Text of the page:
“I was in a quandary,” Mr. Iyer said. “But finally I decided that it might never be easy to go to Iran, and a war would make it more difficult. And I’d been longing for this trip for 30 years. I had to take the leap and be prepared to shoulder the $8,000 myself if need be.”
How can the rest of us apply this consideration to our own travel dilemmas, which more often involve not being able to afford attending a friend’s bachelorette party or an aunt’s 50th birthday cruise?
Lauren Bowling, a financial expert, said setting specific financial goals can help you assess whether a trip fits into your overall financial picture. “If there’s an immediate goal you’re working for, I think that helps make a decision,” she said, citing, as an example, a plan to buy a home in the first quarter of next year.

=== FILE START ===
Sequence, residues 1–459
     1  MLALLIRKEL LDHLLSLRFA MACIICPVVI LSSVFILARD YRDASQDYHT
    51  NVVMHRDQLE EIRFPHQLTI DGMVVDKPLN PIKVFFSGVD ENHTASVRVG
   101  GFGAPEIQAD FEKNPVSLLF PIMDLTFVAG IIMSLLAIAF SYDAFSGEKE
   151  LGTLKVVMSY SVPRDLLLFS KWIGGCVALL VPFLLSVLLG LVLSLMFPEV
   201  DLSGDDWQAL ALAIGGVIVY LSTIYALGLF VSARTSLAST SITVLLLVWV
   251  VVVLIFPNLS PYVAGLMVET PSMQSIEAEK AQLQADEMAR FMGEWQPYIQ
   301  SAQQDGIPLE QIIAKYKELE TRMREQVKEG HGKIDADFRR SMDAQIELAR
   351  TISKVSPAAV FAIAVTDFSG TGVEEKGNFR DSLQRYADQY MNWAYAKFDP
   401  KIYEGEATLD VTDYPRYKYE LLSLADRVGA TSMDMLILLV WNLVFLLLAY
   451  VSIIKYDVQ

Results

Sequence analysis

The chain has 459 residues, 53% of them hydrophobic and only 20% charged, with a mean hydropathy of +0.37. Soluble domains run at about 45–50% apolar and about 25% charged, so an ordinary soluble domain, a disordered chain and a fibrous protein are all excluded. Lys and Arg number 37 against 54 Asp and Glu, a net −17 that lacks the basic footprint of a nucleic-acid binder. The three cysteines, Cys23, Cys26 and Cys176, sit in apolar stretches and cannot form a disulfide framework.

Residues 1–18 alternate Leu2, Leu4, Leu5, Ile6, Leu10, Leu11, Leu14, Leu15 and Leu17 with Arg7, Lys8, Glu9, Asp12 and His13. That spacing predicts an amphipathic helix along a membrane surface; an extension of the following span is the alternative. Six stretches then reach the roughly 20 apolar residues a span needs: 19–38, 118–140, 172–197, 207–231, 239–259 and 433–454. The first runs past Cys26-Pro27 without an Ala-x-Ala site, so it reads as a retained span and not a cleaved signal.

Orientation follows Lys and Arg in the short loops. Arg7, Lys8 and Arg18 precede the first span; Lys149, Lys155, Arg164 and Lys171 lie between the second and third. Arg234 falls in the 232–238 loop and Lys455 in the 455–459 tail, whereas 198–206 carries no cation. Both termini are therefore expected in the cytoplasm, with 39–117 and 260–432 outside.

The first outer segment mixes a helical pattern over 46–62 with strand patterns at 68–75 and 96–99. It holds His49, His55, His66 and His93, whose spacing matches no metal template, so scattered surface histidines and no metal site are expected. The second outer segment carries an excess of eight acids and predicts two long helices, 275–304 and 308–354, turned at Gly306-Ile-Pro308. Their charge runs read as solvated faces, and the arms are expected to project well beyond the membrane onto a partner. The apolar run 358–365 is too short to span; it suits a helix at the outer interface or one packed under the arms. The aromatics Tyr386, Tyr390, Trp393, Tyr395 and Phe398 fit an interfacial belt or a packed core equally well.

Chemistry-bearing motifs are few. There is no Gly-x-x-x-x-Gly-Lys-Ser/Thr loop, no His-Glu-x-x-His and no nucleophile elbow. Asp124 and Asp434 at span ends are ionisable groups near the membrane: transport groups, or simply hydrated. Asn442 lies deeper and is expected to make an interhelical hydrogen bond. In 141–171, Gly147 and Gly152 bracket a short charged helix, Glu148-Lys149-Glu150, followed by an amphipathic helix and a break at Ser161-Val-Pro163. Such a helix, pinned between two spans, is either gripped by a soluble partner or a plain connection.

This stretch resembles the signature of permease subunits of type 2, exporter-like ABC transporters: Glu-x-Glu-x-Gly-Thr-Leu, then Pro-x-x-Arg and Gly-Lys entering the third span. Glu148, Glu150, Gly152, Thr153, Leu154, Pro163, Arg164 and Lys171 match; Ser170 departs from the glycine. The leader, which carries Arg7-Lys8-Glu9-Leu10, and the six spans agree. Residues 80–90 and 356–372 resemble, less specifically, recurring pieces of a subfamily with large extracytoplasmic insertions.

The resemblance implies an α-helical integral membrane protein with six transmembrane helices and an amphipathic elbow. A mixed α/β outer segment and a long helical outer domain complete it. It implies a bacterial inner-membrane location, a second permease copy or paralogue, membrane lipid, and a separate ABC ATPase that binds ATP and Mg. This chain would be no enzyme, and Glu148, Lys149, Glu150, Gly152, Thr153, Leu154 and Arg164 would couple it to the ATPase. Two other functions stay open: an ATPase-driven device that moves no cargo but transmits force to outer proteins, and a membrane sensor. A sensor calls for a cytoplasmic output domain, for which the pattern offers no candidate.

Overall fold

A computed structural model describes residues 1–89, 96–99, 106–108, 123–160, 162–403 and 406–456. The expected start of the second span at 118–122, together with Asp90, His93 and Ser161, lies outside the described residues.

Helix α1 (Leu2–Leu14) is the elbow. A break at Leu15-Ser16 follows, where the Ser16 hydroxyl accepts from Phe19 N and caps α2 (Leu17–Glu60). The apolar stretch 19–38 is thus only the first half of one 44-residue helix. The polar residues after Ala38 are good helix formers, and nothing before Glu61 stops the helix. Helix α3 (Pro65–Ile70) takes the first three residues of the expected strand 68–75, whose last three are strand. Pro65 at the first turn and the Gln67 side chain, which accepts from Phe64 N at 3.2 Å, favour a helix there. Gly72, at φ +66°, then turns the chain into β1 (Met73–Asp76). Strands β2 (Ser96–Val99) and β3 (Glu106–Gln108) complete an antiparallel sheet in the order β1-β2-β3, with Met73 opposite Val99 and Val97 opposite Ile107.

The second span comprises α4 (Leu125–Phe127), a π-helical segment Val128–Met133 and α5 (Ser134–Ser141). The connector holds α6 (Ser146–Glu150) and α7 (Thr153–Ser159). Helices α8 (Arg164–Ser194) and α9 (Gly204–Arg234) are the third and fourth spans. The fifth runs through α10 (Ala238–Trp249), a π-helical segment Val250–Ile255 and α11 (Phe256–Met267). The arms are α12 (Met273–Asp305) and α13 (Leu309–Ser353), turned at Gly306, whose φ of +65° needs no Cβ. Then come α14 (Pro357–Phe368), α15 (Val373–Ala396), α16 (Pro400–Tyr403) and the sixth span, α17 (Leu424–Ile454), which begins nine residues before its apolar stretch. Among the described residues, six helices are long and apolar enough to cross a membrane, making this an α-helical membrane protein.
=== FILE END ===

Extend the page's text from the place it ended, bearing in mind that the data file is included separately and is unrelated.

She also suggests asking yourself whether staying home will really help you move the needle toward achieving your goals. If there isn’t something specific you are trading the trip for, Ms. Bowling said, you may end up regretting opting out. If you decide not to go, however, she suggests sending along a small gift, such as flowers, which will cost a lot less than the full trip.
For Mr. Iyer, however, saying yes to a trip to a place you’ve never been, even if it means taking a financial risk, is worth more than going into credit card debt for, say, a new couch.
“A trip is much more likely, in my case, to transform me than anything material I would acquire at home,” he said. “And so therefore it’s worth the risk, because the beauty of a trip is I don’t know who’s going to come back from it. And the hope is I’ll be someone quite different from the one who left home.”